Born on New Years Day 1942 in Washington D.C. to a Jewish mother and a Presbyterian minister father and named after Soviet leader Josef Stalin, Berkeley’s Country Joe McDonald went on to star at two of the seminal musical events of the ‘60s—the 1968 Monterey Pop Festival and, a year later, Woodstock.
With their “I-Feel-Like-I’m-Fixin’-to-Die Rag,” his Country Joe and the Fish band became icons of the anti-Vietnam War movement. Their notorious “Fish Cheer” captured on film at Woodstock (“Gimme an F! Gimme a U! Gimme a C! Gimme a K!”) heralded a new and widely celebrated defiance of convention.
And then it was over, the band dissolving at the peak of their popularity.
The Berkeley-born band has now reunited, minus guitarist Barry “Fish” Melton, as the Country Joe Band. And while they may be a little more sedate and a lot grayer, McDonald and company have kept the puckish spirit that made them band a major force in the countercultural and anti-war scenes of three decades ago.
Berkeley residents will get a chance to see the resurrected Fish perform in Berkeley this Sunday at 8 p.m. in the Jewish Community Center, 1414 Walnut St., in a concert benefit for Options Recovery Services.
“I’m really glad to get this event in Berkeley,” McDonald said. “Options Recovery is a really good 12-step program. They operate out of the Veterans Memorial Building, working with homeless people with drug and alcohol problems—many of them vets, which is a cause dear to my heart.
“[It’s] thanks to a 12-step program [that] I don’t do drugs or alcohol anymore,” he explained, adding with a smile, “although I’ve had my share.” The last entry in the marijuana news section of his web site is dated Nov. 19, 2001.
“I’ve been trying to bring the band back together for a long time, especially since I’d been unsuccessful in getting other musicians to play the psychedelic music of that era,” McDonald said. “I started working on it about six months ago, and it soon became apparent that Barry Melton’s schedule was too full, and since he’s the ‘Fish,’ we’re now the Country Joe Band. We’re sounding very good.”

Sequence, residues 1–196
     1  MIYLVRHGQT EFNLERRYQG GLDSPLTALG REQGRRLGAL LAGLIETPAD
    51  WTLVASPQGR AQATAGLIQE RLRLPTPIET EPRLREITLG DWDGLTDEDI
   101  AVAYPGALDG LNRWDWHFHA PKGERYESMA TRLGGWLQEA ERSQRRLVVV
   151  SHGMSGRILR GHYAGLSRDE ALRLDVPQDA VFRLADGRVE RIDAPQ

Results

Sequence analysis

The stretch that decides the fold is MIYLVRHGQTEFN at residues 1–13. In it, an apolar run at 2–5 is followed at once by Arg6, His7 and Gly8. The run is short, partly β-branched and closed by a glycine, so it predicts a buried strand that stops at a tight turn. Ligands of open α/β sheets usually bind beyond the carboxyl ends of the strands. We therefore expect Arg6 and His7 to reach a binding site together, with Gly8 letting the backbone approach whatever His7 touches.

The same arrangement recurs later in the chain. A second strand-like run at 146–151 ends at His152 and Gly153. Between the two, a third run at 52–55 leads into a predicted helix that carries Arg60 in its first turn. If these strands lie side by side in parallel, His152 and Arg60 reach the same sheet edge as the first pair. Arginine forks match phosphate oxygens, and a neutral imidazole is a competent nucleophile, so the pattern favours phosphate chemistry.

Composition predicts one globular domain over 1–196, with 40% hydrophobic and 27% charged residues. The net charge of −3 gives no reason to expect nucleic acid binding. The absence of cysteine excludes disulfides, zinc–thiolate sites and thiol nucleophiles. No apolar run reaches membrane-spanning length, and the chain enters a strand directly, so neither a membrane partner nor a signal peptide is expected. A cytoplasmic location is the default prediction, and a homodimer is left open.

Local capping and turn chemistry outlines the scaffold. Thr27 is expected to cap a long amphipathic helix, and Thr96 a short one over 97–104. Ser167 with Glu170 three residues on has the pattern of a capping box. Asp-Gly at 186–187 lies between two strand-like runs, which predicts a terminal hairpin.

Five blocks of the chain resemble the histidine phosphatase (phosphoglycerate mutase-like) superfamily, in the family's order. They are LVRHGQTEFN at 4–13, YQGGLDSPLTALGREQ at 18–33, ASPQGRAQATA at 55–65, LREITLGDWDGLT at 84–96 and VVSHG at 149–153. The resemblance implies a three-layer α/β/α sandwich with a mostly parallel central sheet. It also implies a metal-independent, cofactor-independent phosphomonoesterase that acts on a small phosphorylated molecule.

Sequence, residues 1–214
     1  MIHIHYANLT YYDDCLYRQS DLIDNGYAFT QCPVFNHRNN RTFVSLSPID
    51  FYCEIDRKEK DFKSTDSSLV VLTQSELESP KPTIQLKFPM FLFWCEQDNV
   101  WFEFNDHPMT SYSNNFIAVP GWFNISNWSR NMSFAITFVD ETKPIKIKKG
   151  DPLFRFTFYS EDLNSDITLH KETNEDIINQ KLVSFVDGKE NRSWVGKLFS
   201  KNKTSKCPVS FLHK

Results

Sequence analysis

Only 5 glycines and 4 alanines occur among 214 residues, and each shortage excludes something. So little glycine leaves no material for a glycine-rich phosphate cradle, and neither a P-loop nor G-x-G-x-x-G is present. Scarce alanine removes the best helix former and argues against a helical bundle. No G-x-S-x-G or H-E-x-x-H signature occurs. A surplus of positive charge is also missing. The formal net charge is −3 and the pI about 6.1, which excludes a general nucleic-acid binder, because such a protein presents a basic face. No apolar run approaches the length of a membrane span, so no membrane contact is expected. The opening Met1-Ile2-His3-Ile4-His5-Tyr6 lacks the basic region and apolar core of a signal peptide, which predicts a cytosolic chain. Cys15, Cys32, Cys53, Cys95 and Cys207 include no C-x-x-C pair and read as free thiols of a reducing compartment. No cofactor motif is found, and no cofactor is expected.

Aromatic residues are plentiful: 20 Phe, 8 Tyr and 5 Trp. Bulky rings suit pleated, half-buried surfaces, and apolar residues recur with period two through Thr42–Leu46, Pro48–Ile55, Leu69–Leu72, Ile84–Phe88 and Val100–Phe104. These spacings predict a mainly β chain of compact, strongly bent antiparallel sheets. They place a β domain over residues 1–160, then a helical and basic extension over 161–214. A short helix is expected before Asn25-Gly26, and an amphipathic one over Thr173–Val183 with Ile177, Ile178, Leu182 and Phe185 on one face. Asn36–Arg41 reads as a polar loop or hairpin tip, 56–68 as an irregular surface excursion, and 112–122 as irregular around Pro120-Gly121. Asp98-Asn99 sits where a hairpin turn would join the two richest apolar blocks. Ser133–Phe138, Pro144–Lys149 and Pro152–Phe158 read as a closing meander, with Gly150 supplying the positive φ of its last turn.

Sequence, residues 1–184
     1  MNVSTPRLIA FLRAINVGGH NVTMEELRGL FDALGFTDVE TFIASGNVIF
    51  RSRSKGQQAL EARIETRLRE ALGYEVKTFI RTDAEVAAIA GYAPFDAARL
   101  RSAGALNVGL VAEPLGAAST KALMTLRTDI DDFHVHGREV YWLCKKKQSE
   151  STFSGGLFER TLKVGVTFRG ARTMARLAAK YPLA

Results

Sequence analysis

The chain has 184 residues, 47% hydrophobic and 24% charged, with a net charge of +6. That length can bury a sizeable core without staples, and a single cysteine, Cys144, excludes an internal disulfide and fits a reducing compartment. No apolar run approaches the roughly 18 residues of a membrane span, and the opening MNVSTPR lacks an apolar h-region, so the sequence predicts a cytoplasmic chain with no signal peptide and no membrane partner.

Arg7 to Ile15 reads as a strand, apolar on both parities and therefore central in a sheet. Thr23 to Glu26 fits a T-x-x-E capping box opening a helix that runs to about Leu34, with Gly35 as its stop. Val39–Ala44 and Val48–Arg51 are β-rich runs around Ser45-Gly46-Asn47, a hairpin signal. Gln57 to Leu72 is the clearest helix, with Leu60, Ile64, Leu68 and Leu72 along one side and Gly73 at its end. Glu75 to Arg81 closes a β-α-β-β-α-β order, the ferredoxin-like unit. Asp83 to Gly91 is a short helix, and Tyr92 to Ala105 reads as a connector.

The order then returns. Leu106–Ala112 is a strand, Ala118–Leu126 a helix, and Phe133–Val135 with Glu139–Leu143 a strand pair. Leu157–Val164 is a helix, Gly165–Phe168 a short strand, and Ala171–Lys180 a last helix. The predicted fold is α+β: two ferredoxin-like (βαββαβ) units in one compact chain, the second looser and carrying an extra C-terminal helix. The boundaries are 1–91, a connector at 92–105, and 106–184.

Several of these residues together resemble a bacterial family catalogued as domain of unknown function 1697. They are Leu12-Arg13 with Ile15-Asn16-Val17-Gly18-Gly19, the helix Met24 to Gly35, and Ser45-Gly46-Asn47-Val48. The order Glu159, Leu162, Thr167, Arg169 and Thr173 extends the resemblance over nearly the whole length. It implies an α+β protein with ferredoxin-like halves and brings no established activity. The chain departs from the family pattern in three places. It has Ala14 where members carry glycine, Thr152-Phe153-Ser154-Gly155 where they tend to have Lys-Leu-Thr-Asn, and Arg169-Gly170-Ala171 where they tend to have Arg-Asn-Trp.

Lead guitarist Melton now heads the Yolo County Public Defenders Office in Woodland, supervising the 21 lawyers who represent poor and indigent criminal defendants and playing gigs in clubs across Northern California.
The band’s partial reunion was sparked by the announcement that the World Peace Music Awards had decided to honor them as American musicians who lent their musical talent to the movement to end the war in Vietnam.
Other recipients of the “Life of Peace” awards at the June 26 ceremony in Hanoi are other veterans of Berkeley in the ‘60s: Joan Baez, Bob Dylan, Harry Belafonte, the folk-singing trio Peter Paul and Mary, and the late Vietnamese composer Trinh Cong Son.
Meanwhile, the “I-Feel-Like-I’m-Fixin’-to-Die Rag” has renewed meaning in the days of an Iraqi war that is being increasingly compared to Vietnam. “A lot of young people haven’t heard the rag, but a lot have because of the Woodstock film. We’ll be doing some of the psychedelic instrumentals and love songs from our first two albums, a few songs from Woody Guthrie, and a new song, “Cakewalk to Baghdad,” about the Iraq war,” McDonald said, leaning back in his perch on the comfortable couch in his 1915 home on a quiet North Berkeley street.
“We’re thinking about making a CD, but we’re just handling it one day at a time. We’ll just see what happens.”
One hopeful sign for longtime fans is the planned DVD of an upcoming performance in Sebastopol, part of a tour that includes the Berkeley appearance.